Individual Work
White-Faced Bromeliads on 20 Hectares

From first glance, "White-Faced Bromeliads on 20 Hectares" is described as a piece of E-lit that stands to meld the gap between spanish and english as languages into one. That in itself is very true and evident as you first click on the work and see spanish numbers, starting with uno of course, that bring you to a new section each time. Each section is constantly updating, sometimes at a rate of speed that is impossible to fully read what is on the page as a whole at a given time. The reader has the option to wait for the section to revolve back to the text they were unable to finish reading the first time around as well as to move on without finishing it. To me, this can almost be viewed as an expression of one person trying to communicate with another with different languages, constantly trying to pick familiar words from their speech out of the cluster that the individual does not know. This is also shown with the text itself as there is a mix of spanish and english throughout each section that has very few complete meanings to decipher within the jumbled broken sentences around them. Someone with the patience to look through this and understand how one person must feel when trying to accurately communicate their message to someone of another language can definitely appreciate the difficulty that arises in that situation.

When looking at the source code within the page itself, there is a note from the author of the poem regarding this process as well that reads:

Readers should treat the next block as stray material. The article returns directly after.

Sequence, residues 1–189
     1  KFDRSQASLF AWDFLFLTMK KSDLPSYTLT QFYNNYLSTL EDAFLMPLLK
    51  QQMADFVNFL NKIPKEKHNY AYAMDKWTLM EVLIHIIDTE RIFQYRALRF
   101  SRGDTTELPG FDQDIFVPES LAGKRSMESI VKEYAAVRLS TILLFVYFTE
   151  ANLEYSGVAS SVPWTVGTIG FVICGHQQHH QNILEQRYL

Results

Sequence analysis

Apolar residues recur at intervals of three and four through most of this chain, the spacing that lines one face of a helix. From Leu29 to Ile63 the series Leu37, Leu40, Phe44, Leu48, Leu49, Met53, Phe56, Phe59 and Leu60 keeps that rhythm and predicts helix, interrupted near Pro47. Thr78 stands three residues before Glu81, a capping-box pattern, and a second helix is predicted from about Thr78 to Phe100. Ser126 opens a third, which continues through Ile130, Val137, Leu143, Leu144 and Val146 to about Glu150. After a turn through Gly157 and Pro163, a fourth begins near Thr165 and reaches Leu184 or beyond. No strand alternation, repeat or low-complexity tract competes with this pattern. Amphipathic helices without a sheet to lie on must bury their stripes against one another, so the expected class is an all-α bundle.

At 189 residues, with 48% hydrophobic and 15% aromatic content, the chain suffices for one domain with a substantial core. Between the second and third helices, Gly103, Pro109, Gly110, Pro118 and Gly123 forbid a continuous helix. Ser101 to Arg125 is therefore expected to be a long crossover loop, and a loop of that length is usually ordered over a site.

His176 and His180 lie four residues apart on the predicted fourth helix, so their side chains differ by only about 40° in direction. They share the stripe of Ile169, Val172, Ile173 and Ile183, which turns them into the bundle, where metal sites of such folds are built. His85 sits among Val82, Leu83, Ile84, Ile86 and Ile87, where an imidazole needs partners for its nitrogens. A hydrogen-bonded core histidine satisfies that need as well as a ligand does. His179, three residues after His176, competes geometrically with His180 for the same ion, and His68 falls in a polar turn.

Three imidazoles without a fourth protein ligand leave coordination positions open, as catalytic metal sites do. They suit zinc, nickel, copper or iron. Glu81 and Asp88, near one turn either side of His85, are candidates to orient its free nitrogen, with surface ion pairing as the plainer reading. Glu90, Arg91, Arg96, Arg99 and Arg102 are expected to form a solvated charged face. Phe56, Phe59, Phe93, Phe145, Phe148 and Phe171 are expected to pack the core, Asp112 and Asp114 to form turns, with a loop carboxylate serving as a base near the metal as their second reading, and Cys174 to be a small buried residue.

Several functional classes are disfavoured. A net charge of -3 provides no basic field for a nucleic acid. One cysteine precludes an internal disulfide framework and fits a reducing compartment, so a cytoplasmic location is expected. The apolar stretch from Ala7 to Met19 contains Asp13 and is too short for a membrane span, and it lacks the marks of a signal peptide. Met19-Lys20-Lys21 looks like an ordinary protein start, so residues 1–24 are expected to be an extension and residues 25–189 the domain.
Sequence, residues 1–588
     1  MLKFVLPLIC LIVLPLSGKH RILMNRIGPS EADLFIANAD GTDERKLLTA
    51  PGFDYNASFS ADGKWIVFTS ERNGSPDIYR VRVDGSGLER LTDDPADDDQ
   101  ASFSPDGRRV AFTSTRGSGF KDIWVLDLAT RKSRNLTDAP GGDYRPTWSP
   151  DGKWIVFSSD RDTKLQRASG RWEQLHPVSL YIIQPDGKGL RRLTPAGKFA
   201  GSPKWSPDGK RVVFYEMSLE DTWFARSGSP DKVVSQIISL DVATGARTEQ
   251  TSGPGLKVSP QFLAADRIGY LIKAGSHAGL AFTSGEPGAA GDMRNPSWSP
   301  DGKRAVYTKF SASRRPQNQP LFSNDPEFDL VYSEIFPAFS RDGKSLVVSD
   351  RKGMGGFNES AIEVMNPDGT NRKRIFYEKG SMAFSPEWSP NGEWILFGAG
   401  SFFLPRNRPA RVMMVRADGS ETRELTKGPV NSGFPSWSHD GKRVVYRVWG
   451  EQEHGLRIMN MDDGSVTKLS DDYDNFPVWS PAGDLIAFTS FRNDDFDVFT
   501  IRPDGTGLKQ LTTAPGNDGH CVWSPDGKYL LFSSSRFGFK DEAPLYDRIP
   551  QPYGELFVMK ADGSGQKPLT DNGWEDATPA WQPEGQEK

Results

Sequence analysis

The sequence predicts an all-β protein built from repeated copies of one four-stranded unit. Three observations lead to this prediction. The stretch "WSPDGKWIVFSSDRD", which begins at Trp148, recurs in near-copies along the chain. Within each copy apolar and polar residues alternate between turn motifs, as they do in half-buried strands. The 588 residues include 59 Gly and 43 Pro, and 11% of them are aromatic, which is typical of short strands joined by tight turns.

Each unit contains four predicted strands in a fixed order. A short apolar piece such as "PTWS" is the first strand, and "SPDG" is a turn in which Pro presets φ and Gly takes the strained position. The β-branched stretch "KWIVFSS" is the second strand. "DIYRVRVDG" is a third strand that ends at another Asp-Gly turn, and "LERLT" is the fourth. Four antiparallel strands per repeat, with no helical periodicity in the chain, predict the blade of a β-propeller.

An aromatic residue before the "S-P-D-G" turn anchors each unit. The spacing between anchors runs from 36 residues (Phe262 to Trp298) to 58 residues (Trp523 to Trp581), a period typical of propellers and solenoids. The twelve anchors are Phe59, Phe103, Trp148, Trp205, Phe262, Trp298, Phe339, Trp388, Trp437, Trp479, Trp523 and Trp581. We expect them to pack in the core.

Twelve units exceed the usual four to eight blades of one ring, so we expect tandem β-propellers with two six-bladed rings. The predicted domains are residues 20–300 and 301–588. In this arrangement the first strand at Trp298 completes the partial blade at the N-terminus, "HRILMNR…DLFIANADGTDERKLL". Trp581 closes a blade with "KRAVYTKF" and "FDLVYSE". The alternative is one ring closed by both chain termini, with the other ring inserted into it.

Allow this page to cycle for a while, so
you can take in some of the images and variant titles. When you are
ready, press begin. Once there, read each page
slowly, watching as each line periodically re-constitutes itself
re-generating randomly selected lines with that line's
variant. Eight-line poems have 256 possible versions; nine-line poems
have 512 possible versions.

The note is also present at the beginning of the poem as fine print at the bottom of the opening menu before beginning the experience. This only stands to solidify the author's originally-presumed message of patience towards the ever-changing menus the poem centers around. That being it's biggest strength, some who wouldn't see this message otherwise would likely become too frustrated with each set of revolving text in all eight sections to fully embrace the nature of the work.

There are also images of Costa Rica that accompany the opening title for each section, showing beautiful sceneries and landscapes. I believe this is for the sake of understanding the heritage of another person and where they've come from that has made them the person they are as well as the reason they continue to use their own language or a mixed group of both english and spanish rather than one or the other. As you reach the 8th section, or ocho in spanish, you are then prompted with going back to the beginning of section "uno" to start the poem over again. This may be to symbolize how these differences in language and culture shown in the poem itself are an everyday process that is never ending for those involved. The poem itself was initially very frustrating to read given its constantly changing nature. There were many points where I wanted to stop attempting to read it and just pick a new poem from our list. In tern, I continued to read as it became more clear that this as well felt as though it was an intended effect by the author to really make the reader think about how frustrating it must be for someone immigrating from Costa Rica to a dominantly english speaking country to just relay even the most minute messages in their everyday lives. Even tasks such as asking for directions from a stranger or ordering food from a restaurant would become gargantuanly greater. It is a burden that people living in their country of origin couldn't possibly understand fully and I really enjoyed reaching that realization through reading this poem.